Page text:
St Mary Magdalen Catholic

St Mary Magdalen's
Catholic Junior School

Catholic Social Teaching

Pope Francis’s encyclical, Fratelli Tutti, was released on the feast day of St Francis of Assisi. In his letter, Pope Francis said, “Wherever he went, he sowed seeds of peace and walked alongside the poor, the abandoned, the infirm and the outcast, the least of his brothers and sisters”.

At St Mary Magdalen’s Catholic Junior School, children learn about Catholic Social Teaching through a mixture of assemblies, taught lessons and projects. We have worked with Caritas to plan and organise fundraising events. We have also had a student led Charity Committee, who led the school in supporting a range of charities, chosen by the children, to support areas and initiatives close to their hearts.

Catholic Social Teaching encompasses a number of areas: Dignity of the Human Person, Solidarity, Stewardship, Option for the Poor and Vulnerable, Family and Community, Dignity of Work, Rights and Responsibilities. Children learn about each of these areas and begin to develop their understanding of their responsibilities towards themselves and each other. They begin to see how we are all connected, as a part of God’s family. Children realise how interconnected people around the world are and they learn about the importance of human life.

What is Catholic Social Teaching?

An authoritative Church teaching on social, political, and economic issues.

  • It is informed by Gospel values and the lived experience of Christian reflection.
  • It analyses that lived experience of Christian reflection from different historical, political, and social contexts.
  • It provides principles for reflection, a criteria for judgment and guidelines for action.
  • Thus, it enables us in our struggle to live our faith in justice and peace.

 Dignity of the Human Person

We must recognise we are all brothers and sisters which requires us to respect, value and uphold a common dignity for ourselves and each other. As human beings we are created in the image and likeness of God so therefore we have an inherent worth and distinction. (Pacem in Terris Laborem Exercens)

 Family and Community

As humans we are not created to live alone, community is clearly linked in the history of humankind. One way for Catholics to practise solidarity is to participate in pursuing the common good for a community. Every member of society has a duty to develop this common good and every member has a right to enjoy the benefits brought about by it.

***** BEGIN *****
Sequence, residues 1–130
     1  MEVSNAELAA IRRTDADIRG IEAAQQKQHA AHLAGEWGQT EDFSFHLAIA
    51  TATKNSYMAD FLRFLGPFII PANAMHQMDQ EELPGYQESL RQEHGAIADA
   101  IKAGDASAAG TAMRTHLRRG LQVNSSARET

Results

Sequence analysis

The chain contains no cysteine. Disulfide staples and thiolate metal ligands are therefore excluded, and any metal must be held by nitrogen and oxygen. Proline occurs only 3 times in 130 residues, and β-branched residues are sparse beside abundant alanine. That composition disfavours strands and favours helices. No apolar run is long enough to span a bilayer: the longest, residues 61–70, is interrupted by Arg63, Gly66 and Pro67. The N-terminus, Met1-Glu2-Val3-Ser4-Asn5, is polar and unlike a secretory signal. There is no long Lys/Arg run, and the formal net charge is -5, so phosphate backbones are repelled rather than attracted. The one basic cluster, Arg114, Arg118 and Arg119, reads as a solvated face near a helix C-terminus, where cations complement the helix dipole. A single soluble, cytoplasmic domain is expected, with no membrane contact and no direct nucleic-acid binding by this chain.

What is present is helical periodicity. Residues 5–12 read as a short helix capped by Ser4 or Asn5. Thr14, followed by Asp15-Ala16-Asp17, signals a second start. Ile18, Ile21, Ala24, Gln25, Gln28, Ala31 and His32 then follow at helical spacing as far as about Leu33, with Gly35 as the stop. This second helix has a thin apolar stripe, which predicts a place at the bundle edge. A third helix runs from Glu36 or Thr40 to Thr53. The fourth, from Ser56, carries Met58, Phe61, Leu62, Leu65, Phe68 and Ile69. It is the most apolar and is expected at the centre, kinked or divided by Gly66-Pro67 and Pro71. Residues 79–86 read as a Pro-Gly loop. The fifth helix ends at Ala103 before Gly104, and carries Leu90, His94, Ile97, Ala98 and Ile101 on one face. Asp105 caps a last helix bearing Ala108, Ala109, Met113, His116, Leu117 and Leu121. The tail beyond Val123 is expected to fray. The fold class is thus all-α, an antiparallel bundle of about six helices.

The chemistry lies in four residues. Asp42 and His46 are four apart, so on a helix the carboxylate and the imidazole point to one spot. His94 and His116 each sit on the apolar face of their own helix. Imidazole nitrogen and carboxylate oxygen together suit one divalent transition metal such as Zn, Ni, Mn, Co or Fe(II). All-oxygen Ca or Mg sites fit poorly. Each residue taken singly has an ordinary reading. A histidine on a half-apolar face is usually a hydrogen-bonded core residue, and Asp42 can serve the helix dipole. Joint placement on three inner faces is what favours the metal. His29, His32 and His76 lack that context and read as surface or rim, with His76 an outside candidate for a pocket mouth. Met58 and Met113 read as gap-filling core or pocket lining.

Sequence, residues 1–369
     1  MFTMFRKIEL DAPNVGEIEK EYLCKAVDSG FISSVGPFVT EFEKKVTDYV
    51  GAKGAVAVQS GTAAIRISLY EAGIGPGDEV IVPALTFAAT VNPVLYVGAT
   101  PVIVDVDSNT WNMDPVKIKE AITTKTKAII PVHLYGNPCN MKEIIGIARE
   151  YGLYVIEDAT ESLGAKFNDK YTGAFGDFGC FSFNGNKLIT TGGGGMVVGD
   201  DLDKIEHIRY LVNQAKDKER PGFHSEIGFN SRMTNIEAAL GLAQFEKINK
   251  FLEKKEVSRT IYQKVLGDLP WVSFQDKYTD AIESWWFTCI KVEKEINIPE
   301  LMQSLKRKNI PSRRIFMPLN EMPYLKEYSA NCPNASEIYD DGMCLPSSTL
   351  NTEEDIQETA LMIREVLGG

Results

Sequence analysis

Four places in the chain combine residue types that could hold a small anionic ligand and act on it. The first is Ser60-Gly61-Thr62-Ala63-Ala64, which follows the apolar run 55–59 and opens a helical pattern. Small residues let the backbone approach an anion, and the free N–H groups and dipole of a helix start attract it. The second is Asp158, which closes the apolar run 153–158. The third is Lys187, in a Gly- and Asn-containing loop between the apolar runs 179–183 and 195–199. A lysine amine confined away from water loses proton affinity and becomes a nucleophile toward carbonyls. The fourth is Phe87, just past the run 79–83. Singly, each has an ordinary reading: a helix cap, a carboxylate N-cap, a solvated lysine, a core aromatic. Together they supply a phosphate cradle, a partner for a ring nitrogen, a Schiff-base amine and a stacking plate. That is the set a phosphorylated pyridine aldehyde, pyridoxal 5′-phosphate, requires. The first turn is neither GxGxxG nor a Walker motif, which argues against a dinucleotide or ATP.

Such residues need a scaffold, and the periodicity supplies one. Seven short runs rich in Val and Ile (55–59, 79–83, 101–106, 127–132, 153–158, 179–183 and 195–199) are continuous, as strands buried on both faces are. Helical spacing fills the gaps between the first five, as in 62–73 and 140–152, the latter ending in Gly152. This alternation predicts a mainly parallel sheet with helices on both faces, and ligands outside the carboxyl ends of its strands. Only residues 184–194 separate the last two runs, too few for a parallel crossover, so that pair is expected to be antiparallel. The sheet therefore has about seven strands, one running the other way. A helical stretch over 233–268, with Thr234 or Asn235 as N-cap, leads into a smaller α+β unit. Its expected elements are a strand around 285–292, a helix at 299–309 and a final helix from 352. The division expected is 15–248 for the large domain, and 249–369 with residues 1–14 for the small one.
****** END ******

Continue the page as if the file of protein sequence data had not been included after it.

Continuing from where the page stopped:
Respect for human life means respecting all of God’s creation. We must re-engage with our environment and take responsibility for it; live sustainably, live so that there are enough resources for everyone. Our environment influences almost all of our lives, and Catholic Social Teaching recognises that undervaluing makes us all poorer.

Dignity of Work

This theme looks at the importance of work, the dignity of work and the value of balance in our home and work lives. Catholic Social Teaching holds that work is not to be drudgery, but creative, positive and an intrinsic good. It is not however, all for yourself, ways to accumulate power and influence, but is rather to play our part in being co-creators in God’s loving act of creation.

Rights and Responsibilities

The Church teaches us that peace is central to the gospel and represents a challenge to many contemporary attitudes and assumptions. Pope Benedict XVI has challenged Christians to be true peacemakers bringing forgiveness and non-violent solutions to situations of hurt and violence.


Solidarity is an important concept for Christians and is one of the most mystical and deeply human founding concepts of the social teaching of the Church. It is based on the belief that together we can make a difference and together we are much stronger. When we value fellow human beings, we respect each other as unique individuals and we can stand up for what is right for one another.  (Populorum ProgressioSollicitudo Rei Socialis Centesimus Annus)

Option for the Poor

The primary purpose of this special commitment to the poor is to enable them to become active participants in the life of society. It is to enable all persons to share in and contribute to the common good. The deprivation and powerlessness of the poor wounds the whole community. The extent of their suffering is a measure of how far we are from being a true community of persons. These wounds will be healed only by greater solidarity with the poor. (Sollicitudo Rei Socialis Centesimus Annus)